The sixth chapter of the Zhuangzi begins with a discussion of the relationship between the Heavenly and the Human. Zhuangzi quotes and deconstructs a maxim, very likely espoused by his Confucian contemporary Xunzi (fl. 298-236 BCE), to the effect that there is a distinct difference between them. The Human is seen as exceptional in that it is capable of acting outside of Dao. Zhuangzi suggests that no such distinction can be made given the limits of our ability to understand. It may be that all that Humanity does and knows is Dao. The roots of our knowing and doing disappear in mystery; we know neither how we know nor why we act as we do. This may be tantamount to equating Heaven and Humanity, but Zhuangzi is careful not to say so definitively; he prefers ambiguity.
Typically, Guo Xiang, in his development of Zhuangzi's philosophy, is not so tentative; all doing and all knowing he tells us, is "self-so", that is, spontaneously arising, and this is Dao. "'Heaven' is just another way of saying 'what is so of itself, the self-so'. For doing cannot be done by someone 'doing' doing. Doing is spontaneously doing; it is self-so. Knowing does not know by someone 'doing' knowing. Knowing is spontaneously knowing, it is self-so. As self-so knowing, knowing is not a result of knowing, is unknown, is itself a kind of nonknowing. Being always in this sense a nonknowing, what we call knowing emerges from nonknowing." (Zhuangzi; Ziporyn) How do we know? We don't know how we know; our knowing is rooted in what we cannot know; it is rooted in mystery.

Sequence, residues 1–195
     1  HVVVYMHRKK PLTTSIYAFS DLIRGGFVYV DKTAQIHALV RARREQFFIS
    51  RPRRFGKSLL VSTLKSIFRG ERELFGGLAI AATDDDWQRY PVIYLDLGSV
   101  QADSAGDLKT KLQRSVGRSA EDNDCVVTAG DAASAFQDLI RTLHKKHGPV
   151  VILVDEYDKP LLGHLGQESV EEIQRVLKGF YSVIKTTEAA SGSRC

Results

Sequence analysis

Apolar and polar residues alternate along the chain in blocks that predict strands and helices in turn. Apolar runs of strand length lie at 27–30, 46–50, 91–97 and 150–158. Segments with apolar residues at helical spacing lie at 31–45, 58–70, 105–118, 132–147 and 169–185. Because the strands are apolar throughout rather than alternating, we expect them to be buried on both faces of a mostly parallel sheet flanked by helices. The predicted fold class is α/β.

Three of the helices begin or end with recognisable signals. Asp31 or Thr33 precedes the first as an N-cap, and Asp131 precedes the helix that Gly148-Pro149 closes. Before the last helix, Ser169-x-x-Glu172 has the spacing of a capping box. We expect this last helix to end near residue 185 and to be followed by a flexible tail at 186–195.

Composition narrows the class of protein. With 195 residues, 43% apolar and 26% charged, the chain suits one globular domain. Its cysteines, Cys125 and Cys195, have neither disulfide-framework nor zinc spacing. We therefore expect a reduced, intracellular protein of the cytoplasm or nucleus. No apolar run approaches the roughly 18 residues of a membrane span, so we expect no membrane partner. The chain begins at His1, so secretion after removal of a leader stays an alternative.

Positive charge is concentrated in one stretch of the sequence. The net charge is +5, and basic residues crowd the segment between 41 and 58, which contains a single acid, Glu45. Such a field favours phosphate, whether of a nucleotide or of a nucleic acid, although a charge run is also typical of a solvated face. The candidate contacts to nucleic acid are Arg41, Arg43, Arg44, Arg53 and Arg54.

What Zhuangzi implies, Guo articulates. Whereas Zhuangzi is content to let not-knowing extend into the apparent exceptionalism of the Human (as in some sense transcendent of Nature in the exercise of its doing and knowing), Guo knowingly insists that Human doing and knowing is not other than the Heavenly, that is, Dao manifest.
Personally, I tend toward Guo's position, but in either case the implication is the same: all that we are and do is rooted in mystery, and our 'completion' is to be had in surrendering into that mystery. When Yan Hui found that which "moves" him, that is the unknowable within him, he realized that not only was he not in charge, but that he had no 'me' at all. He lost his 'me' in his identification with mystery. To lose oneself in this way is to become all things; it is to lose one’s cage and thereby to freely roam in the Totality.
You can check out Scott's writings on Zhuangzi here.